Dr. Jiaying Zhao and Yu Luo address cognitive biases of climate change in their new research

Image by 政徳 吉田 from Pixabay

Climate change is one of the most urgent crises facing humanity; people are living with the consequences of it around the world.

Psychology has offered numerous insights on what motivates people to act on climate change, understanding beliefs and attitudes of climate change, and decision-making around climate actions. Although these insights have helped shift beliefs, a stubborn challenge remains: despite the evidence, a large amount of people are skeptical of climate change and refuse to act.

In a new NeuroView article published at Neuron, Associate Professor Dr. Jiaying Zhao and PhD Candidate Yu Luo have created a framework to address cognitive biases of climate change with the goal of depolarizing climate beliefs and promoting actions to mitigate climate change. The framework outlines several predominant biases of climate change, identifies potential causes, and proposes debiasing tools.

A framework on cognitive biases of climate change


“Our recent research revealed an attentional bias of climate change, where people attend to climate information differently depending on their political orientation or prior beliefs about climate change. Attention away from climate information in conservatives can reinforce their climate disbelief and inaction, while attention toward climate information in liberals or the concerned can elevate their belief and level of concern of climate change, thus contributing to polarization.”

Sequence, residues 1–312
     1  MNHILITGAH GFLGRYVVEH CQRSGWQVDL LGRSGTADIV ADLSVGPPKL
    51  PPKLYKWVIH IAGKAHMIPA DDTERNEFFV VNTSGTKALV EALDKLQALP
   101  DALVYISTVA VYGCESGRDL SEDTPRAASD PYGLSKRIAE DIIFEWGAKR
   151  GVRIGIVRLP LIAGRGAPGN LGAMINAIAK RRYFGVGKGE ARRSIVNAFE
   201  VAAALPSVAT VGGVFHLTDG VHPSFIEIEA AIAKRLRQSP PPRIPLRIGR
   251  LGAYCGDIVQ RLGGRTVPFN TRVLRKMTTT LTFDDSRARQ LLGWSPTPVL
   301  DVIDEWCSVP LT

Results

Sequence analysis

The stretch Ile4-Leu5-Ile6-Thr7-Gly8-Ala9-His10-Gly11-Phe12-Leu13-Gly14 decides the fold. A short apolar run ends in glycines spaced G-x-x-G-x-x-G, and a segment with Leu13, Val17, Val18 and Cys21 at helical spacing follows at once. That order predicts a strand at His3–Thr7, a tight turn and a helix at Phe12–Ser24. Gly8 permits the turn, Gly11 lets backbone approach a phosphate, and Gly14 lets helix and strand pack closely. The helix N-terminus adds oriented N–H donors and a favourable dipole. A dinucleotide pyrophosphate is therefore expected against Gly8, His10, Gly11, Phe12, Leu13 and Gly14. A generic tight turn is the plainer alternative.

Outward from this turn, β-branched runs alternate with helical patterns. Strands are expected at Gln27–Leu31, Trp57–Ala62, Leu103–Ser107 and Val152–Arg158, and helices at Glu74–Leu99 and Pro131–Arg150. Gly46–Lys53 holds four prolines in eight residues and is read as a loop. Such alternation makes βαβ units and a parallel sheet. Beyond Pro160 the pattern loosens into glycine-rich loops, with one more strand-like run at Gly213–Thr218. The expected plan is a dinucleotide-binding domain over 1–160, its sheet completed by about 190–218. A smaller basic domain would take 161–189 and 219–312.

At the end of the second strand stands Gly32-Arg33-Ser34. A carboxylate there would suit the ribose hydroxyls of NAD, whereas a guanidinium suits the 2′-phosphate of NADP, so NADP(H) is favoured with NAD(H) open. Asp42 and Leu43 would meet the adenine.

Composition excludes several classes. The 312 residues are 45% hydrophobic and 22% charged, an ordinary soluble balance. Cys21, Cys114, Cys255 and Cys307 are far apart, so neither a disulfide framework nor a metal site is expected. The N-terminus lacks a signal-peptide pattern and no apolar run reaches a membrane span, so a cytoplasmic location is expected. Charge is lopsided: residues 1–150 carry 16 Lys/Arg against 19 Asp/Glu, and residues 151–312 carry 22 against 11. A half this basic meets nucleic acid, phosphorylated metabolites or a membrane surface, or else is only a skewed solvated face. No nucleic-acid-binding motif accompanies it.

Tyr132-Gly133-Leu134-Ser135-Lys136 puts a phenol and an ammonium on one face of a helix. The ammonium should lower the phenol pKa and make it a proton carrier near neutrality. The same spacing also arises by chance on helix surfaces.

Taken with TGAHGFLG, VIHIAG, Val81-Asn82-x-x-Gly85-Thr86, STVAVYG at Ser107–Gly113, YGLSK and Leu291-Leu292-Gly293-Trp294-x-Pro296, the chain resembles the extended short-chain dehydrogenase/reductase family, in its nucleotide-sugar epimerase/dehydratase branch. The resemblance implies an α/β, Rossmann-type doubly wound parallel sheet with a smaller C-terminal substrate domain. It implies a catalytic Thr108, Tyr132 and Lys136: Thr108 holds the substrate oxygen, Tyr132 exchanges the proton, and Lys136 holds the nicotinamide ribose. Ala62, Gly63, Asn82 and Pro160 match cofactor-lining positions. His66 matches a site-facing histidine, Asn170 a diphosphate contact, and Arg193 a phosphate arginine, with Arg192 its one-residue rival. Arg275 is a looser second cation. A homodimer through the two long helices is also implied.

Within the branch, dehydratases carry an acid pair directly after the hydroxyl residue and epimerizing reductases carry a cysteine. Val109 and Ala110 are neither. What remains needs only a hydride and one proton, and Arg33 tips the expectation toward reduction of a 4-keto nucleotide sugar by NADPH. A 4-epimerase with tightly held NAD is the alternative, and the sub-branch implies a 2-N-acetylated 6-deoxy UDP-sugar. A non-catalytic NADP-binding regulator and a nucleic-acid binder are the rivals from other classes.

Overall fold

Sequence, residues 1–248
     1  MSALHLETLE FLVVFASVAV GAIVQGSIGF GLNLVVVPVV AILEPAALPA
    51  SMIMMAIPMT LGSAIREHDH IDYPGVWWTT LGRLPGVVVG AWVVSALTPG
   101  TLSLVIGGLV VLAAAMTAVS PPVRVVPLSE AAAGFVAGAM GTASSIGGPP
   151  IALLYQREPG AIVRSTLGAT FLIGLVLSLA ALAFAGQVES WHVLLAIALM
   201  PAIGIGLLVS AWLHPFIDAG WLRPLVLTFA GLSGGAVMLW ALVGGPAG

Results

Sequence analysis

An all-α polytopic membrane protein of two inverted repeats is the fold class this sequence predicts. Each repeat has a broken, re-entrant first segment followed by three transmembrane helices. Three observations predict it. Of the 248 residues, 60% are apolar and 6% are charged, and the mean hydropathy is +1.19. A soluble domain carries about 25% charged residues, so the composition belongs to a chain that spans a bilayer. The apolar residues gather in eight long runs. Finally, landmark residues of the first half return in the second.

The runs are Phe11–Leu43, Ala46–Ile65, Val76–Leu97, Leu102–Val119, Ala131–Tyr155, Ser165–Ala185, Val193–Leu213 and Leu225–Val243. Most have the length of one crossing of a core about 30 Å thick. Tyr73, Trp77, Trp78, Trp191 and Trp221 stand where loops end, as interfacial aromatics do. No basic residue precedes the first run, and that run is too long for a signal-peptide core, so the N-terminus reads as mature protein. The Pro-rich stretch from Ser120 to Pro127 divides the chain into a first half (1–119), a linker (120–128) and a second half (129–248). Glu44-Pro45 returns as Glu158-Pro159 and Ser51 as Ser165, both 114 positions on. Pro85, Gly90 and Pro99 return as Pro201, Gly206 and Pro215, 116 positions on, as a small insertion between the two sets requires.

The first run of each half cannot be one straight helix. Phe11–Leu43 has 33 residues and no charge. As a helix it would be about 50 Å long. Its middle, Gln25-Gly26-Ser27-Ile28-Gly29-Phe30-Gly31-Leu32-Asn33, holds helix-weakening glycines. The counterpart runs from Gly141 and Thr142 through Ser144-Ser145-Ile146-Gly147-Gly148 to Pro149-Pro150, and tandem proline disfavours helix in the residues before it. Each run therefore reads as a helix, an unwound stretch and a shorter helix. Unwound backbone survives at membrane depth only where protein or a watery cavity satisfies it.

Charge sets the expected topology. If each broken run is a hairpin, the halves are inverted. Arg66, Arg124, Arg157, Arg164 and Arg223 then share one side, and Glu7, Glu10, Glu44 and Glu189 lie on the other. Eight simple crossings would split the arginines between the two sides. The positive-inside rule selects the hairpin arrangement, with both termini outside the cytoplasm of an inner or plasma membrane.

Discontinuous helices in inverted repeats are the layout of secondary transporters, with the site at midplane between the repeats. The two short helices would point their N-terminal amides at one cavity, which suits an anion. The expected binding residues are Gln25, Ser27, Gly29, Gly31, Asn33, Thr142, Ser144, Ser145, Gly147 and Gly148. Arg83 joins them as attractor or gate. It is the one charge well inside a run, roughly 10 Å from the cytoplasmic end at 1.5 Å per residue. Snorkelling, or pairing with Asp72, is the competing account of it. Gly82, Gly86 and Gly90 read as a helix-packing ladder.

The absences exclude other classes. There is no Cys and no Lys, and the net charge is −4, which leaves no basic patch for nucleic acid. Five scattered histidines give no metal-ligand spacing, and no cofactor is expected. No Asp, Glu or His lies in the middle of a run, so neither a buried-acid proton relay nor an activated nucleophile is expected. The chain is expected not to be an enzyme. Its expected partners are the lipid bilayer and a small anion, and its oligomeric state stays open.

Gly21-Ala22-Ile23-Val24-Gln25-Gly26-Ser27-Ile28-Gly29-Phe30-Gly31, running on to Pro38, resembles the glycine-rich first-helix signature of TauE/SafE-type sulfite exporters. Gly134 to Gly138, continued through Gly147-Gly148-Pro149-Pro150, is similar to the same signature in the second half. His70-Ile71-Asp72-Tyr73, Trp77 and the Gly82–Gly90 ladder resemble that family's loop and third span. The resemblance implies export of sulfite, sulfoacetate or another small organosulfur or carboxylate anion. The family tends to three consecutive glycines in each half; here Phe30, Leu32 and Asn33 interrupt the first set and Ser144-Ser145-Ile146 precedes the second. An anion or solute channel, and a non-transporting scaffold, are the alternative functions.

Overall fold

PhD Candidate, Department of Psychology

Dr. Zhao, Canada Research Chair in Behavioural Sustainability at UBC, says the current framework is only a start in identifying cognitive biases, the causes, and tools to help.

“While this framework heavily focuses on the contributions from social and cognitive psychology, more research on the underlying neural mechanisms of the cognitive biases and debiasing tools is needed. We urge cognitive, behavioural, and neuroscientists to enrich the current framework to collectively discover the remedy for cognitive biases of climate change.”
Associate Professor, Department of Psychology